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Anyone who owns a credit card or has taken out a loan knows how interest works. You are, to put it simply, paying extra money for the privilege of having been able to borrow money.
At low levels, interest isn’t much of a burden. The cost is often well-worth the ability to access capital when you need it.
Nevertheless, as your debt grows, the amount of interest you are obliged to pay grows with it. That amounts to a hefty financial burden over time.
The federal government is learning that lesson the hard way. And so are the American people.
Money for nothing
Currently, the government pays nearly $400 billion per year in interest on its debt. In 10 years, net interest will more than double to $900 billion.
That will exceed total spending on either national defense or Medicaid. (It exceeds spending on defense, or Medicaid – but combined, Medicaid and defense exceed the cost of interest.)
The interest we must pay on our debt will only grow worse as time goes on. Net interest on the debt will equal and then surpass total discretionary spending as a share of the economy by 2045. It would be like taking the money we spend on defense, our veterans, homeland security, our judiciary system, antipoverty measures and more and throwing that down the drain.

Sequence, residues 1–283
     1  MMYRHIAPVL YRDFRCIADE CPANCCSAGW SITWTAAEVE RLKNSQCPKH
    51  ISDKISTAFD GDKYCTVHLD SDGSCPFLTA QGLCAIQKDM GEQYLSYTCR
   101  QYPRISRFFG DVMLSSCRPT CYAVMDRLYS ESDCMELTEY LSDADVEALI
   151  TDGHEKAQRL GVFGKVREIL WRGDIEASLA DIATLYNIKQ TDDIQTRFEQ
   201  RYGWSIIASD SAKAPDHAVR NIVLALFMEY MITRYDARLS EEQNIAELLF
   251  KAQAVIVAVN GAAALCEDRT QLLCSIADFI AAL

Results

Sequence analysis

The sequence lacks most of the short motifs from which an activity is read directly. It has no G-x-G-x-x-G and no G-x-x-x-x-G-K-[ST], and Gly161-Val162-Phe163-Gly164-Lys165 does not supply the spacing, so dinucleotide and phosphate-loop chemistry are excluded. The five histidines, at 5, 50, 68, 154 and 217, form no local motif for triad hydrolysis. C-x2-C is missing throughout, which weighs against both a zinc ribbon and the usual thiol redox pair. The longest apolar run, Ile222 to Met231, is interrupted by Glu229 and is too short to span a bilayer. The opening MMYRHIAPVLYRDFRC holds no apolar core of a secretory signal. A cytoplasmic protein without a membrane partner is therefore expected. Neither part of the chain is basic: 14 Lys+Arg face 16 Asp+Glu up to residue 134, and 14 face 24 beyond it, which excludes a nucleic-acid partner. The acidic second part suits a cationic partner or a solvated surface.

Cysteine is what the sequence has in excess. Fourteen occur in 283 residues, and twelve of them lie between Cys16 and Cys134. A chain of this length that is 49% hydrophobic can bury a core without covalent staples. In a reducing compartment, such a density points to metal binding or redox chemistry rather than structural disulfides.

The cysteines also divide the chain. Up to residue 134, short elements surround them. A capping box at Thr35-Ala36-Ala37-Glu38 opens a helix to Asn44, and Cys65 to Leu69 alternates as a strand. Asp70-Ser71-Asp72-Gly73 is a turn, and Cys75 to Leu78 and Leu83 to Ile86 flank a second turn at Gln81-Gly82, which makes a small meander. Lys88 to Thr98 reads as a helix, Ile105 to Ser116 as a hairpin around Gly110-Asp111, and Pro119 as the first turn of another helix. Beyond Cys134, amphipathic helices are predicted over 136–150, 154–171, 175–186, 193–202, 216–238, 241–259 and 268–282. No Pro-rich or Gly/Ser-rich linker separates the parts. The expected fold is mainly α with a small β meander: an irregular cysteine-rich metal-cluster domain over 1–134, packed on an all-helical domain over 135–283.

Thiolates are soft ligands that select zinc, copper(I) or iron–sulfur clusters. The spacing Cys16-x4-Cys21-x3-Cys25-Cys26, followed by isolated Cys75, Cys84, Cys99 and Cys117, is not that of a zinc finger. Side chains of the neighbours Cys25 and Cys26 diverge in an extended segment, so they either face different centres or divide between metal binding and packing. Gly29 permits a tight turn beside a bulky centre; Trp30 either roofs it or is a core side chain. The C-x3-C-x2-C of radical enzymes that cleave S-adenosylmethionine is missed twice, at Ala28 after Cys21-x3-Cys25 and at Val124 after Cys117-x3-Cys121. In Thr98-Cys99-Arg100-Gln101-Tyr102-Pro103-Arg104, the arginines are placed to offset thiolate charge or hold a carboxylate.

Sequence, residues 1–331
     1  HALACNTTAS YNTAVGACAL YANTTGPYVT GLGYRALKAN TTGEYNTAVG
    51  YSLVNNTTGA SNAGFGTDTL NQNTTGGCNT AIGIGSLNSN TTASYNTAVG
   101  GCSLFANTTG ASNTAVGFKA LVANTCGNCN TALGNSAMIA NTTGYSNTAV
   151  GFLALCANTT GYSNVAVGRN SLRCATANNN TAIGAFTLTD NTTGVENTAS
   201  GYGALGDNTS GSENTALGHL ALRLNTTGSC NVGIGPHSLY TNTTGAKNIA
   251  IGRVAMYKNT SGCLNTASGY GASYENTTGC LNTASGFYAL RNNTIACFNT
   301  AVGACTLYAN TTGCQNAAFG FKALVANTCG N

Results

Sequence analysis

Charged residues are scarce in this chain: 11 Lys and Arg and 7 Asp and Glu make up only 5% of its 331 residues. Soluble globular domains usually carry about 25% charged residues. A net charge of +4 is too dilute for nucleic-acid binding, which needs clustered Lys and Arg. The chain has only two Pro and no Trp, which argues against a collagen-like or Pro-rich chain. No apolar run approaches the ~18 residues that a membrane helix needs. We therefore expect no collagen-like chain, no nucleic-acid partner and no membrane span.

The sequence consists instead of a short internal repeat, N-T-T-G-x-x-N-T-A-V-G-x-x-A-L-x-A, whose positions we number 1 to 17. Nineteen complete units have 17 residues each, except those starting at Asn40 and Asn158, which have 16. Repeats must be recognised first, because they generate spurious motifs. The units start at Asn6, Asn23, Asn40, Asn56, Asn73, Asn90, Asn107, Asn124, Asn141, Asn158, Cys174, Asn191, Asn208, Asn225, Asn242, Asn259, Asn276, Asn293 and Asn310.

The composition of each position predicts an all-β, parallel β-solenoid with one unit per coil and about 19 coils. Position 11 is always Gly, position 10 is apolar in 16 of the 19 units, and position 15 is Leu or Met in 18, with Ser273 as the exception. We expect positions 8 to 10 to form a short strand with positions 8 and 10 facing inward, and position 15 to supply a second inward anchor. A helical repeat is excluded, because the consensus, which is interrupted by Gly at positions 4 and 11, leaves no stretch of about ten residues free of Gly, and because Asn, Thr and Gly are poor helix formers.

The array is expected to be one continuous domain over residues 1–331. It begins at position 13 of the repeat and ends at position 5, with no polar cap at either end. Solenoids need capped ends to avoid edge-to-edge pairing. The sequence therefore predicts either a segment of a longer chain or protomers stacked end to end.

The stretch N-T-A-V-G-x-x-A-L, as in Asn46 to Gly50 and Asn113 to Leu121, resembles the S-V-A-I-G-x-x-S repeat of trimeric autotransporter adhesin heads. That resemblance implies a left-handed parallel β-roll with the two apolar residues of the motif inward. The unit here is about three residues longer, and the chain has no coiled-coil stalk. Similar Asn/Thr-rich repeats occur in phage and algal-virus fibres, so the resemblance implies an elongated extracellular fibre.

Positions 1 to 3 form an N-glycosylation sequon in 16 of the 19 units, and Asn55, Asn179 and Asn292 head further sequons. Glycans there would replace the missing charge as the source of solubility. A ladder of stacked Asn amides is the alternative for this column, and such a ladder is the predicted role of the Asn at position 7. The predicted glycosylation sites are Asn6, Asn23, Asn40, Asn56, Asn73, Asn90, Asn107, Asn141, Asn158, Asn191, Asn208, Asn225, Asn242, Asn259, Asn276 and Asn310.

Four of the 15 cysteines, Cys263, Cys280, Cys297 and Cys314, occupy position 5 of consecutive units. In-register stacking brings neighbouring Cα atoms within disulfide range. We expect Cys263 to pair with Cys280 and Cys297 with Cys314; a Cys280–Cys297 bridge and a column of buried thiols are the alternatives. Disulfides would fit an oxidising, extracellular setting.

That’s more than a burden. It’s an insult to taxpayers that our lawmakers are deliberately throwing our money into a hole without any real plan.
A worse scenario
Unfortunately, our interest paid on the debt will reach these levels even if the interest rate remains relatively stable. But what happens if interest rates go up?
According to the Congressional Budget Office, if interest rates rise even one percentage point, our debt would reach nearly 200% of GDP by 2049.
Our total debt would hit $100 trillion by 2046, a number nearly five times greater than what it is now.
These numbers assume that Congress remains faithful to its discretionary spending caps. If history is any guide, Congress is likely to blow through these spending caps and place them further (In this case, further, as the distance is figurative) out.
Under this scenario, spending could reach 33% of GDP — higher than the previous figure of 28% — and debt could rise above 219% of GDP — higher than the original figure of 144%.
If interest rates were to increase just one-tenth of 1%, debt could reach 225% of GDP.
This nightmare scenario isn’t unlikely. The first condition depends on Congress making no attempt to control spending.
The second may occur if other countries that buy our debt demand a higher premium for doing so. Interest rates have historically been much higher than they are now.
Interest rates were 8.8% in 1988. They were 2.232% in 2016 and rose to 2.567% in June of this year. In other words, there is no law of interest that states it must stay low.
Congress must prevent a scenario in which American taxpayers are on the line for nearly $1 trillion per year in interest on the debt.
Tell Congress: Stop overspending! We need real leadership to budget appropriately. Digging ourselves into deeper debt is not an option.